The legal background
Under French employment law, employees’ representatives benefit from specific protection against dismissal. As a result, an employer contemplating the termination of the employment contract of such a protected employee must first obtain the prior authorization of the labor inspectorate. However, the employer is entitled to suspend the employee’s employment contract temporarily pending the outcome of the request for authorization.
In the event the employee has been so suspended and the dismissal authorization is ultimately refused, the employee has the right to be reinstated in his/her previous position in the same working conditions. In this respect, case law only permits one exception to such rule, i.e. “absolute impossibility”.
In this context, does “absolute impossibility” exist when the other members of personnel themselves strongly oppose the reinstatement of the protected employee?
In a recent decision dated 24 June 2014, an employee, holder of several positions as employees’ representative, was suspended following the revelations of his colleagues accusing him of moral harassment. The employer initiated a dismissal procedure but the labor inspector found that the moral harassment was not sufficiently evidenced and thus refused to authorize the dismissal. As a result, the employee was reinstated within the company but the employer, in order to pacify the situation, relieved him of the management of the employees who had complained about his behavior. Considering that his contract had been modified upon his return, the employee successfully requested a court injunction ordering the employer to reinstate him in his previous position subject to a daily fine in the event of non-reinstatement, and subsequently lodged an action to enforce its payment.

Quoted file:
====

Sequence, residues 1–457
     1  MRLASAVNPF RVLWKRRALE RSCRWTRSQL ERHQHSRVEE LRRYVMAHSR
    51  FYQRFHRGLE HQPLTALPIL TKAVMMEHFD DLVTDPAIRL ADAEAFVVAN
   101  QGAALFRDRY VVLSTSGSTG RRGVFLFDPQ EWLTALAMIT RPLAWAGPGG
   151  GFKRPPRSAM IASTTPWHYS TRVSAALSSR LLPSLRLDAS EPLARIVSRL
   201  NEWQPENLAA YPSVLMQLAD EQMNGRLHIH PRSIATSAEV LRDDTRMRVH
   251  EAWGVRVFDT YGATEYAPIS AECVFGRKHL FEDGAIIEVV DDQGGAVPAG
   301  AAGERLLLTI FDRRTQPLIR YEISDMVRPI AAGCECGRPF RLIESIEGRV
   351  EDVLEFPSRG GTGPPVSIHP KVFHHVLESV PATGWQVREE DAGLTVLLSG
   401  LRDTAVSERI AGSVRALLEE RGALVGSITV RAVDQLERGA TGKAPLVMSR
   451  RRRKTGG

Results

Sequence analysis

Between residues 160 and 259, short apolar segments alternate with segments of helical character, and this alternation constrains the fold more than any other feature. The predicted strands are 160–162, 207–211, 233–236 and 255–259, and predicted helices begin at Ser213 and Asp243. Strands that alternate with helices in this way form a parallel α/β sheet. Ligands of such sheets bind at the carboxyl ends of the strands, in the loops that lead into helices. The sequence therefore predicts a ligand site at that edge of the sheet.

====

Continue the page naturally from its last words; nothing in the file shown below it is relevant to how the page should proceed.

The Court of Appeal rejected the employee’s claim and held that the payment request of the fine should be denied. In support of this decision, the judges ruled in particular that the right of reinstatement is not absolute and must be reconciled with the employer’s duty to protect the health and safety of its employees.
The ruling of the Supreme Court
However, the Supreme Court reversed the decision of the Court of Appeal considering that the opposition of part of the staff to work with the employees’ representative did not constitute an absolute impossibility to reinstatement of the employee.
This ruling of the Supreme Court is in line with previous case law according to which the hostility of the personnel does not entitle the employer to escape its reinstatement obligation. Rather, case law seems to limit the “absolute impossibility” to exceptional circumstances such as bankruptcy or closure of the business. In practice, the employer has no choice but to reinstate the employee fully in his previous post without being allowed to adapt it to the circumstances. The only solution for the employer would be to change the working conditions of the other employees in order to avoid further issue or to discipline the reluctant employees if they refuse to work with the reinstated employee (which would not have been appropriate here given the context).
Finally, if the employer fails to comply with its reinstatement obligation, the employee is entitled to seek a court order for reinstatement, subject to a penalty fine in the event of non-reinstatement, as well as the payment of the salaries lost during his/her suspension and possible damages for any loss suffered. In addition, the violation of such obligation could also be punished by specific criminal offenses, violation of which can trigger a fine of up to 3,750€ for the employer and/or 18,750€ for the company and an imprisonment of up to 1 year. Ultimately, the employee would be in a position to allege a case of constructive dismissal and to consider the employment contract terminated with the same effect as that of a null and void dismissal.